We finally reached what caused the jam. As we neared this tree, we'd found larger and larger trees to remove from the pile. The big problem we now faced was that the tree was mostly submerged. We had no idea how large it was or how it was lodged. We knew it was big; the excavator was having a hard time with even budging the tree, so we were beginning to wonder if it would require more equipment.

Finally, my boss had an idea. Since the excavator didn't have the strength to swing the large tree away, he decided to push it upriver, and try to walk the machine towards the center span. If successful, the end of the tree would be caught in the current and the other end could be held from the column to prevent further lodging.

The first few tries were futile. A few "feels" with the excavator revealed another small tree deep underwater. This tree was holding the larger tree. After a little manipulation, it was released and the big tree was now free...if we could move it.

The hydraulics squalled on the excavator as the operator pushed the tree away from the columns. With a little maneuvering of controls, the operator was able to inch the tree towards the center span. He continued and I crossed my fingers it wouldn't find something else to hang on. After a few minutes, enough of the tree was caught in the current so the end started downstream. The operator quickly released the end and hurried to the other end to insure it wouldn't hang on the column. He pushed on the end of the tree until it was clear. It was now free to move downstream.

Since there was no traffic, I hurried across the bridge to watch the tree as it left. When I reached the other side and shone my flashlight toward the water, I saw the upper end of the tree start to pass underneath. Hurrying back to the other side, I looked down to find at least twenty feet of the trunk, including the large root ball still on the upstream side of the bridge. Doing some quick calculations, I realized the tree was over 80 feet  in length. I went back across to watch as it passed.

It took about a minute for the tree to finally reach a point I couldn't see it by flashlight any longer. I wondered if it would be caught on the next bridge, which was over 30 miles to the south. I doubted it would; there were too many places for the tree to hang on the winding river. Even if it did, we would be glad to move it, but they had to let me get some sleep.

It was after 4:00 am when we finally had everything off the road and hooked back up for the trip to the office. The haul truck would be called in the morning. We left the excavator on the shoulder and headed out.

I stopped at the first store that was open for a cup of coffee and something to snack on. It was a poor second to my choice of a hot breakfast, but in the boonies, there's little to find at that time. Still, it tasted good.  The coffee was fresh and much better than the stale crap available during the hours before. I was ready to get home, but I had to drop a message board at the office first.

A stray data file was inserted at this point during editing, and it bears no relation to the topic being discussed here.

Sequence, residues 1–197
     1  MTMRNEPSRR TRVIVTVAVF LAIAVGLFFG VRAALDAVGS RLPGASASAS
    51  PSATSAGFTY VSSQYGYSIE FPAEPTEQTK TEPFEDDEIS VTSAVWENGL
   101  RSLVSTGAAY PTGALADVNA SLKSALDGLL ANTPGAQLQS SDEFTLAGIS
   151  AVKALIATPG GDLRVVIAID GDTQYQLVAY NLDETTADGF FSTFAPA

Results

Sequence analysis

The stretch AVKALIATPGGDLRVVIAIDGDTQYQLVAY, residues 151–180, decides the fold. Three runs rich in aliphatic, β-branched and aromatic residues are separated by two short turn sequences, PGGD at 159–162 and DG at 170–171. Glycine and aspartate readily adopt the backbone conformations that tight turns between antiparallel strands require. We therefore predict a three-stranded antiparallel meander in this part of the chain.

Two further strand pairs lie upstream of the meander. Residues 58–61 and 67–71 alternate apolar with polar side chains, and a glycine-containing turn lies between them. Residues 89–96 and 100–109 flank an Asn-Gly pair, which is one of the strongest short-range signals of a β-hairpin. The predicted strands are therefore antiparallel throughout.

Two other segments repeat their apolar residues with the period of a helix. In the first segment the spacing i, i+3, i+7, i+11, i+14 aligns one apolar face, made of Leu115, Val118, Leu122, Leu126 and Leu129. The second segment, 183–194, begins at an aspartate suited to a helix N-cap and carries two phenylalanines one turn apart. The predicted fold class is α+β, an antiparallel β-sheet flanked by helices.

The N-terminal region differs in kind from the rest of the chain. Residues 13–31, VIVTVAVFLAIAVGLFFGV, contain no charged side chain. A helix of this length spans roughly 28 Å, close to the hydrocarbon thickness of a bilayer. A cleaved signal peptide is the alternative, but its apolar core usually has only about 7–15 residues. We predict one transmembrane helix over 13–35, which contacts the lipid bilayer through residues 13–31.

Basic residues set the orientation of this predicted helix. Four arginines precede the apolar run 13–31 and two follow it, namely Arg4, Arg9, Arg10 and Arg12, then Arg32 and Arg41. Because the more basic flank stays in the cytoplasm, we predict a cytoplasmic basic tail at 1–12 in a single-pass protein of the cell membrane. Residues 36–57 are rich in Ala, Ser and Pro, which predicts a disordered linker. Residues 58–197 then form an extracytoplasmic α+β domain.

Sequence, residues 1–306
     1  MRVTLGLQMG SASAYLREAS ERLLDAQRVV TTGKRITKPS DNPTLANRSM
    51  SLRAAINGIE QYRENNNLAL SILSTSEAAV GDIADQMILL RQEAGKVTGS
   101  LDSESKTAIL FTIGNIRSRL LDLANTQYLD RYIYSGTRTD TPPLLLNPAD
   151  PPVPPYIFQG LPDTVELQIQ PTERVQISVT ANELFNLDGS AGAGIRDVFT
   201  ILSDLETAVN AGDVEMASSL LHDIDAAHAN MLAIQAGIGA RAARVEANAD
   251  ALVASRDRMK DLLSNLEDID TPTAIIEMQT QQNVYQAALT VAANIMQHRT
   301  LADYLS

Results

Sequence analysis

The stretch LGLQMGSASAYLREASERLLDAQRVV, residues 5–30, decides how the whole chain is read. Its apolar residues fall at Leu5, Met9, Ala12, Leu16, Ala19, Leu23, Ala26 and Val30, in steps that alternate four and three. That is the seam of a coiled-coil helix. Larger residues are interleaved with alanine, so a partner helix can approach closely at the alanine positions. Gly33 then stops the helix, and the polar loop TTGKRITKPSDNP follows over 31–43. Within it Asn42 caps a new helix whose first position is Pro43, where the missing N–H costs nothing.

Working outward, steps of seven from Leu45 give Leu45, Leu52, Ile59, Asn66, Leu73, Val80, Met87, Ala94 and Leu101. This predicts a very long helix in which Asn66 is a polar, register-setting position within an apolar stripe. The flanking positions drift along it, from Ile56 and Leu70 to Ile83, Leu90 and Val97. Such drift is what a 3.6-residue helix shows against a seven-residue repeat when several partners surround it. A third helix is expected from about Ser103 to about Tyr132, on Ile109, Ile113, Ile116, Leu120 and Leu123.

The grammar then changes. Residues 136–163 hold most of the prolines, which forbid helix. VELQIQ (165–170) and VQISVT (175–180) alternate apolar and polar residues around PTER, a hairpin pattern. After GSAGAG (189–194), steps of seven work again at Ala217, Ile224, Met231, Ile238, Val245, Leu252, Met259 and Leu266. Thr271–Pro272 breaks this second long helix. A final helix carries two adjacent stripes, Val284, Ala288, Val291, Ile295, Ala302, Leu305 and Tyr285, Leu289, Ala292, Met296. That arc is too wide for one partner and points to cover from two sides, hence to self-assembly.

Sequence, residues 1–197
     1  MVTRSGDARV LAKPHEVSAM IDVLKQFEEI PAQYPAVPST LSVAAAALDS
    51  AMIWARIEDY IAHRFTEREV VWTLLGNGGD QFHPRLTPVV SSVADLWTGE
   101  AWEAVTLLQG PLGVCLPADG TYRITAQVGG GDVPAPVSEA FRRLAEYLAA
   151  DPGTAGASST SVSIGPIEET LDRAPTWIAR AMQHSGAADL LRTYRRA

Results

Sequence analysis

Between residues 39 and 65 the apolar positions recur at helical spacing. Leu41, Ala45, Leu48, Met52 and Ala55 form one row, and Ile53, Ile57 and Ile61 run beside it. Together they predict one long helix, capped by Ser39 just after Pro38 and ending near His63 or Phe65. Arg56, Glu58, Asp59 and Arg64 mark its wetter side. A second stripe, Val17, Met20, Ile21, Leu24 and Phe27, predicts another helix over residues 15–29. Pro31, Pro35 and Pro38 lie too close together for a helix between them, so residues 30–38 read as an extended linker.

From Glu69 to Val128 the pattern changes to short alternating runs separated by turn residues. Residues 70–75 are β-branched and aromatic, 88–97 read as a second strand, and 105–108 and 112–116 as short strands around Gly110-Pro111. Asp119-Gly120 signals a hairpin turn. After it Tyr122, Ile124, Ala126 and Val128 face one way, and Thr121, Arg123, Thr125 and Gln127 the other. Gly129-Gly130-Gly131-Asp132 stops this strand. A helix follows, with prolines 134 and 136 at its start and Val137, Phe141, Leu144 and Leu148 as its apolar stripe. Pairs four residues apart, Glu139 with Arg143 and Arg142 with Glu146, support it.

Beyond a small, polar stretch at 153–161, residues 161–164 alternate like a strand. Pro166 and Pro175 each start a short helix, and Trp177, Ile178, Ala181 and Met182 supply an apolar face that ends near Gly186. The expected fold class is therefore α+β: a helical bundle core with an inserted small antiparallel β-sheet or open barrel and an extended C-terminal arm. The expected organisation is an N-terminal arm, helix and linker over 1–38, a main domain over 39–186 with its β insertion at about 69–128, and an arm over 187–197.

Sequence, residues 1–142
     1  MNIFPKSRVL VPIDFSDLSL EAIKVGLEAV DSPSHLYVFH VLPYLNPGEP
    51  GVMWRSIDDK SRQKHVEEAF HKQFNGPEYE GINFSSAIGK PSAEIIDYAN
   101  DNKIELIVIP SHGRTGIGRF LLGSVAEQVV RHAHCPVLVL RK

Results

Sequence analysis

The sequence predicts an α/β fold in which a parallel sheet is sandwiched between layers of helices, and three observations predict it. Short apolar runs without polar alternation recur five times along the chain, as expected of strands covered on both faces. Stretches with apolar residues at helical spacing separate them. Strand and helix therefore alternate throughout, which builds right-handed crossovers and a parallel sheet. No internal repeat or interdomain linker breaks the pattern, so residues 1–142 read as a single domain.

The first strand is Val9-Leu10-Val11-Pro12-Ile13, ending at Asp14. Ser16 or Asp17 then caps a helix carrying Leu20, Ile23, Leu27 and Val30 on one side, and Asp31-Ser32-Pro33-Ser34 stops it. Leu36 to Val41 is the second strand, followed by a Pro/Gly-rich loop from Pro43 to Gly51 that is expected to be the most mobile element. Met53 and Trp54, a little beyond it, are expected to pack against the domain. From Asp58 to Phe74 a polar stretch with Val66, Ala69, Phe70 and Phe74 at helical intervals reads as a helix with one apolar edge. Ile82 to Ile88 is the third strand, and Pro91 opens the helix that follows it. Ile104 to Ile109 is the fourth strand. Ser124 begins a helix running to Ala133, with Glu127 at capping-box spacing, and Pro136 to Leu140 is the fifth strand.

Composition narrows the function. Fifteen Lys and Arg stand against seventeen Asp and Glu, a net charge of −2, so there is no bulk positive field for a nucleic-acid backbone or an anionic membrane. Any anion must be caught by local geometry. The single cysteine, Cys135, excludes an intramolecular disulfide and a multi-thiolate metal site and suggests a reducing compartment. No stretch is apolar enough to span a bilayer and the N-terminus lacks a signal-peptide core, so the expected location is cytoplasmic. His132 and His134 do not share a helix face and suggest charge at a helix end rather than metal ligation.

We arrived at the office a little after five. By the time everything was stored and accounted for, the sky was getting light to the east. I gave a hand a ride to his house, so the sun was almost up when I finally started for home. I was glad I was heading west, since my eyes felt like they were full of sand and the thought of driving into the rising sun was far from a pleasant thought.

I had time to think as I drove home. I thought about the power of the river. the hurricane that provided the lumber for the jam and how the things that are familiar can change overnight. That, and catching a few hours of sleep. We still had other jobs going on and I had things to do.

Wednesday, March 21, 2012

Campaign Thoughts

Campaigns are important. They allow the potential candidates to tell the common folks what they're up to, even if these common folks don't believe the majority of what's said. So, the campaign rules need to be strict and no exceptions allowed:

-No candidate shall be allowed to campaign on television, or on the radio. The internet is acceptable, but spamming a potential voter shall cause immediate disqualification. Use of the United Postal Service is acceptable, but all mailings shall be by individual stamps applied by the candidate. This process shall be certified by affidavit.
-All candidates shall write their proposals on a legal pad and deliver this information to potential voters personally. Photocopies are acceptable, but the photocopies must be made by the candidate and certified by affidavit.
-All public appearances shall require the candidate to provide lunch, shade and the media shall not have any cameras, or any other device which records the event.
-Incumbents shall not campaign except for the last 20 days before an election.